South Florida

Florida real estate schemer pleads guilty to $1.3 billion fraud. Most victims were retirees.

Giving fraud a bad name: The Ponzi scheme

Charles Ponzi didn’t invent his eponymous pyramid scheme — but he lent star power to one of the oldest scams in the book. He also believed that his plan could have become a legitimate business.
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Charles Ponzi didn’t invent his eponymous pyramid scheme — but he lent star power to one of the oldest scams in the book. He also believed that his plan could have become a legitimate business.

The founder of a South Florida real estate company pleaded guilty Wednesday to orchestrating a $1.3 billion Ponzi scheme that bilked thousands of mostly elderly investors.

Robert H. Shapiro, the former CEO of the Woodbridge Group of Companies, admitted in Miami federal court that he “misappropriated” between $25 million and $95 million of the investors’ money to himself and his family to pay for an estate in the Los Angeles area, chartered planes, global travel, jewelry, diamonds and vintage wines. Shapiro also collected artworks by Pablo Picasso, Marc Chagall, Pierre-August Renoir and Alberto Giacometti. He also owned a Mercury convertible.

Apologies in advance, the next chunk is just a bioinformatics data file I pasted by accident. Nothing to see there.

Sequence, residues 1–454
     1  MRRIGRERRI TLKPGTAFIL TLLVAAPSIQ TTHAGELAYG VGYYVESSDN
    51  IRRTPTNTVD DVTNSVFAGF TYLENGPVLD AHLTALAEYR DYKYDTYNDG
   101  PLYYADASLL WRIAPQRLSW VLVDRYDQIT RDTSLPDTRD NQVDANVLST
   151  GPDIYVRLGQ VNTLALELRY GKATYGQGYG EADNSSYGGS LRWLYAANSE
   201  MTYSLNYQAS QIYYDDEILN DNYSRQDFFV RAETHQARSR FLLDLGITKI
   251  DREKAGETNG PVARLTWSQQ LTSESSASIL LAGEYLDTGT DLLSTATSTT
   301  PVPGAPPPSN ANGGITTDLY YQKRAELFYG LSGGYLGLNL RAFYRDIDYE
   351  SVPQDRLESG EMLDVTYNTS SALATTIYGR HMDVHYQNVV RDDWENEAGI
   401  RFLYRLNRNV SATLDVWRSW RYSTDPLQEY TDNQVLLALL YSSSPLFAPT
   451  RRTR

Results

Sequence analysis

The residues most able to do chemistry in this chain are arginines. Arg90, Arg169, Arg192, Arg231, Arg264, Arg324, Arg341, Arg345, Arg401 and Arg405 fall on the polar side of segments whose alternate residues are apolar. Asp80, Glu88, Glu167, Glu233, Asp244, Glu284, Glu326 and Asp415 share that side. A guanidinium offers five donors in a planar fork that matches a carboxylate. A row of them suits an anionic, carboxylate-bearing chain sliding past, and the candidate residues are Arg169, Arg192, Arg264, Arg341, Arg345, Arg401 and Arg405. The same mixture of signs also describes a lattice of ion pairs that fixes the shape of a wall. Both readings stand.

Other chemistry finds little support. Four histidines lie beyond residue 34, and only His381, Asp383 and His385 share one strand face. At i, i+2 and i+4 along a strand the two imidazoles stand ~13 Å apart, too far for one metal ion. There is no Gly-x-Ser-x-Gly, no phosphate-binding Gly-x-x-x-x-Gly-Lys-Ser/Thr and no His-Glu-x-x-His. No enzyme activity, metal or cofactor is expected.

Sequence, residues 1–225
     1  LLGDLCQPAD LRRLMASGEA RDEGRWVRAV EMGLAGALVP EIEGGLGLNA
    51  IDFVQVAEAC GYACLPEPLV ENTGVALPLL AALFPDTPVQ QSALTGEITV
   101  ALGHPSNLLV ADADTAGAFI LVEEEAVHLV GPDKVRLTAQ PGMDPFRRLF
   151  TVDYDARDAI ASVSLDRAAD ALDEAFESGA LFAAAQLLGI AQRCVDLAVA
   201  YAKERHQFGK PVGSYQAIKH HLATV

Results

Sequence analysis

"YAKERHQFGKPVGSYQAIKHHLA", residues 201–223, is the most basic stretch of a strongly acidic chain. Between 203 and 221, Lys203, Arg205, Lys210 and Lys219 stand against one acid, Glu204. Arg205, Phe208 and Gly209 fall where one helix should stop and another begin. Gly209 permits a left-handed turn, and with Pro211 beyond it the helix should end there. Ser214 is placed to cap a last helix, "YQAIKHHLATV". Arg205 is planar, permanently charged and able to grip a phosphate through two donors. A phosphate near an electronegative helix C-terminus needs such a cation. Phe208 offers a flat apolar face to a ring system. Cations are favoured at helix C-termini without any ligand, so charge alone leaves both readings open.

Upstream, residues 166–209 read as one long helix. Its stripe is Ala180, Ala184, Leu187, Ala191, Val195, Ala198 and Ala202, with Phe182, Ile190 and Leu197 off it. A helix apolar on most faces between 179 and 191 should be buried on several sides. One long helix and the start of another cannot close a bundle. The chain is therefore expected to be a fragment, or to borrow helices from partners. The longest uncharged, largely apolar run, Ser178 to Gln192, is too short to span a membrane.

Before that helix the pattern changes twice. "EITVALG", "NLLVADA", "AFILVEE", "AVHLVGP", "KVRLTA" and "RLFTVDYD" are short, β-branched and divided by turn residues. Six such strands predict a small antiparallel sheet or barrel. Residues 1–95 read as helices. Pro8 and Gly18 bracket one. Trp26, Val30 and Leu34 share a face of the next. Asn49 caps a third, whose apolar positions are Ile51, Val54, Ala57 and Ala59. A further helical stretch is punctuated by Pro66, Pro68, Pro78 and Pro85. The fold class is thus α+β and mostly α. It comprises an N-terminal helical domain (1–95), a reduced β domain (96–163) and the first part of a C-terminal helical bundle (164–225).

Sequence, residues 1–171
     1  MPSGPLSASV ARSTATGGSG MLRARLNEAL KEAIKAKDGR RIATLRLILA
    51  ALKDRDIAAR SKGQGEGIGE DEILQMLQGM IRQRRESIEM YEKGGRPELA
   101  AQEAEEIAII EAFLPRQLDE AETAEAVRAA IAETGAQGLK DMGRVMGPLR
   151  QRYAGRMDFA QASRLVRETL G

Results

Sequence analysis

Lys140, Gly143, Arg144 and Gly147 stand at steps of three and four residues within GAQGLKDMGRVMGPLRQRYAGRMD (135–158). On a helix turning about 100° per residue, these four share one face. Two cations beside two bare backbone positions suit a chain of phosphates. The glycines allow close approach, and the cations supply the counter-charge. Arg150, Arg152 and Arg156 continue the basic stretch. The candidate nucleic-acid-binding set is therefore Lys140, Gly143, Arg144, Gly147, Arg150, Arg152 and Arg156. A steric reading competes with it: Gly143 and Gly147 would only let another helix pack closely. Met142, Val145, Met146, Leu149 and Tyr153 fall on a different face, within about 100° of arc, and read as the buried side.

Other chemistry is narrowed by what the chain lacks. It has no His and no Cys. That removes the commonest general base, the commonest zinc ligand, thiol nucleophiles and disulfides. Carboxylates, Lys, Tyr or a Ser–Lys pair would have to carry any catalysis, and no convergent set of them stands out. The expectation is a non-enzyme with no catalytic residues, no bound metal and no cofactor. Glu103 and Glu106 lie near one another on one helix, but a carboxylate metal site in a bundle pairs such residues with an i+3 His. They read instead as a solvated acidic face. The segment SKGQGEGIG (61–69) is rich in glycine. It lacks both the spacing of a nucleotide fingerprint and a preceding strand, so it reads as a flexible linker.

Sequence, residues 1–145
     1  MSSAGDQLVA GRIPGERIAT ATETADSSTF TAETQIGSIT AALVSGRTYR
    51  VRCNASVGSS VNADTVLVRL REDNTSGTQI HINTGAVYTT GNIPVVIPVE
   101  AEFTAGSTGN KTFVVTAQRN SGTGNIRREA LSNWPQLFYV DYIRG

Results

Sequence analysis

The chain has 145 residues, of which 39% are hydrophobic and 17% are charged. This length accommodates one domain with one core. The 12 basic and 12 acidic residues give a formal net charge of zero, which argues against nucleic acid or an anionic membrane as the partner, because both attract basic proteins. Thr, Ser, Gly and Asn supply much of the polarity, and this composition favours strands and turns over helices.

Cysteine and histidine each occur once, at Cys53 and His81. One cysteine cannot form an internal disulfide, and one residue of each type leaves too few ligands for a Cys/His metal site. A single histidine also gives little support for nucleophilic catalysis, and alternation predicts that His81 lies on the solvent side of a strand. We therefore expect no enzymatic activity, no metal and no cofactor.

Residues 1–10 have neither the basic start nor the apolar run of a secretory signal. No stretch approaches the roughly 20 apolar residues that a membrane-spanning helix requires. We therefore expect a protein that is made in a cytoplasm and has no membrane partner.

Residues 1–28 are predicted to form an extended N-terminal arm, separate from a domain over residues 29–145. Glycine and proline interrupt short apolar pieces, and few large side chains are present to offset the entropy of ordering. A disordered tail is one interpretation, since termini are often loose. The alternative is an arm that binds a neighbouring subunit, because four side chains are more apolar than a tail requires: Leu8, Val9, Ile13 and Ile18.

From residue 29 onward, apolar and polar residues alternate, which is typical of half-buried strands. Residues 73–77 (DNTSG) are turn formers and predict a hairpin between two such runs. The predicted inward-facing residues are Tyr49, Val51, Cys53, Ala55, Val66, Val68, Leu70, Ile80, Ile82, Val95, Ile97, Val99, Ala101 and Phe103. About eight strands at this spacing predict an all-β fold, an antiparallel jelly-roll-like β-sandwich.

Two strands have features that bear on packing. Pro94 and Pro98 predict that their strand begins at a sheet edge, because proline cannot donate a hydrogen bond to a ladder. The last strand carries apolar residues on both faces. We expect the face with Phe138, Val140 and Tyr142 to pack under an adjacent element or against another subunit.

Now, all those luxury items belong to the feds.

Shapiro, 61, who was arrested in April, faces up to 20 years for wire and mail fraud conspiracy and an additional 5 years for tax evasion at his sentencing on Oct. 15 before U.S. District Judge Cecilia Altonaga. In pleading guilty, Shapiro avoids going to trial but still is looking at a total of 25 years in prison.

“He came to the conclusion he would like to take responsibility for his actions,” Shapiro’s defense attorney, Ryan O’Quinn, told the judge.

Among the roughly 9,000 Woodbridge victims of Shapiro’s oft-described Ponzi scheme: Retired doctors, teachers and at least one high-profile investor — ABC News anchor George Stephanopoulos — who were promised 5 to 10 percent returns while financing high-end properties purchased in Beverly Hills, Aspen and other wealthy enclaves. Of the total number of Woodbridge investors, about 700 reside in Florida.